To be clear: Gay cites Bobo and Gilliam and is not overtly deceptive in this instance. Especially in light of the relaxed standards to which the Diverse are subject, she would not go down for a minor infraction like this. Here, we’re merely attempting a diagnosis, and it’s clear that Gay doesn’t have either the energy or the ability to compose an independent summary of her source.

This Free Beacon revelation is much worse:

Palmquist and Voss are commenting on data in which “the average turnout rate” decreases. Gay is commenting on different data in which “the average turnout rate” increases. Nevertheless, she has appropriated the entire phraseology of Palmquist and Voss for her own totally different discussion. There is no way that this can be a mistake; on no planet is it appropriate to repurpose a statement in elucidation of one thing in service of elucidating a wholly separate thing. Gay simply doesn’t command the elementary statistical vocabulary to discuss these ideas, so she has taken it from other people who do. This is a Harvard University President.

Because Type 1 plagiarism is very easy to find via word-searches, it is the most commonly uncovered. Type 2 plagiarism, which consists not of petty word theft but of the broader appropriation of others’ theses and ideas, is much more insidious. To identify it, you generally have to be well-versed in the literature of the field and its various debates. I am not about to spend the next six months poking about in the literature on black political representation to convict Gay of Type 2 violations, but happily, it seems that is unnecessary. Rufo has just published an interview with Carol Swain, against whom Gay has committed various Type 1 offences. There, we find that Swain has this to say:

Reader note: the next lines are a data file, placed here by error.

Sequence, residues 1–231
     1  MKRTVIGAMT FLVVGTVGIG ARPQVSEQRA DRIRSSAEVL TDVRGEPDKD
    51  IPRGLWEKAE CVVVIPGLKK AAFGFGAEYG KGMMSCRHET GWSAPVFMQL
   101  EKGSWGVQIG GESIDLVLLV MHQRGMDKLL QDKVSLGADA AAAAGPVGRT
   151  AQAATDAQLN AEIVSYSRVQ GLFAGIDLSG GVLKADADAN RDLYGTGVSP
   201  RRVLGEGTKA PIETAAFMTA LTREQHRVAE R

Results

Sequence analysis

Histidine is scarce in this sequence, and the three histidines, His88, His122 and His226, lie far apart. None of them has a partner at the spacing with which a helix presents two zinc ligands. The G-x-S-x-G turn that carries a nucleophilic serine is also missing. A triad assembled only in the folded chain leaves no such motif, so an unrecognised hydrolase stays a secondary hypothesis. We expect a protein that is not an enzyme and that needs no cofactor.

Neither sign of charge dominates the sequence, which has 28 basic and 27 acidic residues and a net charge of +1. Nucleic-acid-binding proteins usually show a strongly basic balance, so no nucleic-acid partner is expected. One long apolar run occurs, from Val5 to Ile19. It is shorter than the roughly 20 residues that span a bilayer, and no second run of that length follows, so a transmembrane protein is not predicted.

What is bothering me is not just that there’s passages she didn’t put in quotation marks. When I look at her work, I feel like her whole research agenda, her whole career, was based on my work. It bothers me because I know that my work was a big deal in the early 1990s. And I started falling out of favor in 1995 when I started criticizing race-based affirmative action. I thought affirmative action should be means-tested and race-neutral. When I started putting those ideas out, that’s when I started falling out of favor and getting labeled as a conservative, even while I was a Democrat, and blacks started attacking me, calling me a “sellout.”

In other words: Swain’s work fell into obscurity after she went politically off-message. As people stopped reading her books and papers, Gay swooped in to appropriate her “whole research agenda” and make it her own. This is how you’d expect an untalented unoriginal Type 2 plagiarist, bereft of her own originality, to proceed.

Gay is an obvious, blatant incompetent, and anybody who defends this is either a malign actor or a sniveling craven academic loser. If she wants to stay in education, she should resign and find a job teaching in obscurity at an elementary school somewhere.